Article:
In addition, the eaves trough for the second, third & fourth townhouse is now black in my photo. The last eaves trough that is rounded for the yellowish townhouses in the original is now Midnight Blue. Then, the depth at the bottom of the page and contrast eaves troughs at the right of the page for the background building is now black. That building then has a white trim under the eaves trough and black building. I think it has stairs, which will be black. I also think it has some brick, which will now be Orange/Red caulking, and Nepal brick.
I’m now wondering if you have a headache yet.
I have no idea what colors "Nepal" and "Botticelli" are, and this customer is awfully specific about what I should do to my art. Except for the parts that are totally confusing:
I would prefer that the background color be in a grayish color.
The sky is in Grey.
The background to provide depth is kept in black.
Again, just a quick reminder that the background for you that the sky is in Grey.
So, the background and the sky are the same thing, which should be grey. But black.
I looked up the colors, and this is what the series of buildings would look like:
With colors specified for the eaves and trim and... stairs?
So, basically, "I love your art, but can you change everything about it please?"
I responded with this:
"I changed the colors of the original to "cool" colors by adjusting the overall hue. I am not willing to change the colors of each house individually, as adjusting the overall hue was already compromising the integrity of my piece of art.
If I were willing to do so much to it, the time involved in such a process would make the overall price of the shirt skyrocket beyond what you would want to pay for it."
If I were to do all of the things she wanted me to do, and make it look good, and make it a piece of art I was still happy with and willing to put my name on (not actually possible with her color choices), it would take hours of work.
And then, this:
Would you please change the color of the town houses to greys. I'm just not fond of the purple or the blues that have been picked. I do like the color grey of the sky.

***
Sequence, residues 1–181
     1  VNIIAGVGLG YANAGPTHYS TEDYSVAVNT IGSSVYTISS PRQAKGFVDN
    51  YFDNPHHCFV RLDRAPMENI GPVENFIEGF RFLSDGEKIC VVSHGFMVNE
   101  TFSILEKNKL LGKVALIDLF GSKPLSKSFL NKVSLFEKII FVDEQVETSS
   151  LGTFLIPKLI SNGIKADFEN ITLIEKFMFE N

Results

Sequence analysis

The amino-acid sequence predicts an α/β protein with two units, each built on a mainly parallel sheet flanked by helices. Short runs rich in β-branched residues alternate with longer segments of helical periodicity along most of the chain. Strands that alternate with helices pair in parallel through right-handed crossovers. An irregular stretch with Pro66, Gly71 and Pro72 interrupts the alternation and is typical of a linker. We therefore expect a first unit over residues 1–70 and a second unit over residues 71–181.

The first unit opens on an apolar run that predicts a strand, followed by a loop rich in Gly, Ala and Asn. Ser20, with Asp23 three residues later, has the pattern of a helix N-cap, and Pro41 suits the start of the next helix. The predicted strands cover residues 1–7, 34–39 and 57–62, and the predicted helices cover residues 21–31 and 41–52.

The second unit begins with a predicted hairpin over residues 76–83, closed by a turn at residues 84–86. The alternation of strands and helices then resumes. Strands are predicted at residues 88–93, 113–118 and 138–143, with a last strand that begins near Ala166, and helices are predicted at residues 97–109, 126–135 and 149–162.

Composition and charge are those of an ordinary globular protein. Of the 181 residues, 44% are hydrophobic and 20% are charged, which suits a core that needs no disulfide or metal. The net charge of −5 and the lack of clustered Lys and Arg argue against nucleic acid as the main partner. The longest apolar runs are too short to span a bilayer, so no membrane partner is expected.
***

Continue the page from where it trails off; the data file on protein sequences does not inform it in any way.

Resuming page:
Hopefully this will be the last change. I now look forward to receiving this item.
Some of Claude's travel photos are fine: some are fairly typical tourist shots, and some give us a pang of nostalgia, like Claude wearing his hopeful Obama campaign t-shirt in front of the US Capitol building.
Some of Claude's tourist endeavors are downright cringe-worthy. It's not Claude's fault; he picked popular destinations out of guidebooks. Like most tourists, he didn't delve deeply into the historical implications of his vacation destinations. And as amusing as Claude wearing a Mt. Rushmore t-shirt in front of Mt. Rushmore is, Mt. Rushmore itself is not funny at all. And while the Crazy Horse monument does not depict a racist white guy, it still desecrates the very land it was attempting to honor. Whoever's idea that was totally missed the mark.
I am retiring the entire collection of Claude's Travels for now. Claude may travel again in the future, but he will pick his destinations more carefully next time.
Claude likes to travel. Specifically, Claude likes to be a tourist. You may see him in front of a well-known monument, asking if you'll take his picture. Maybe he'll send you a postcard on his next trip. Claude (clawed) was named by Living in the Past, after another traveling cat in her family. Claude is drawn with marker, colored digitally, and poses in front of real (photographs of) popular tourist destinations.
Universal truths by some of the greatest thinkers and souls of our time. I do not own these likenesses.
Digitally enhanced silk screen prints: silk screened onto fabric using stencils or traditional screening methods, then scanned and manipulated using a graphics program.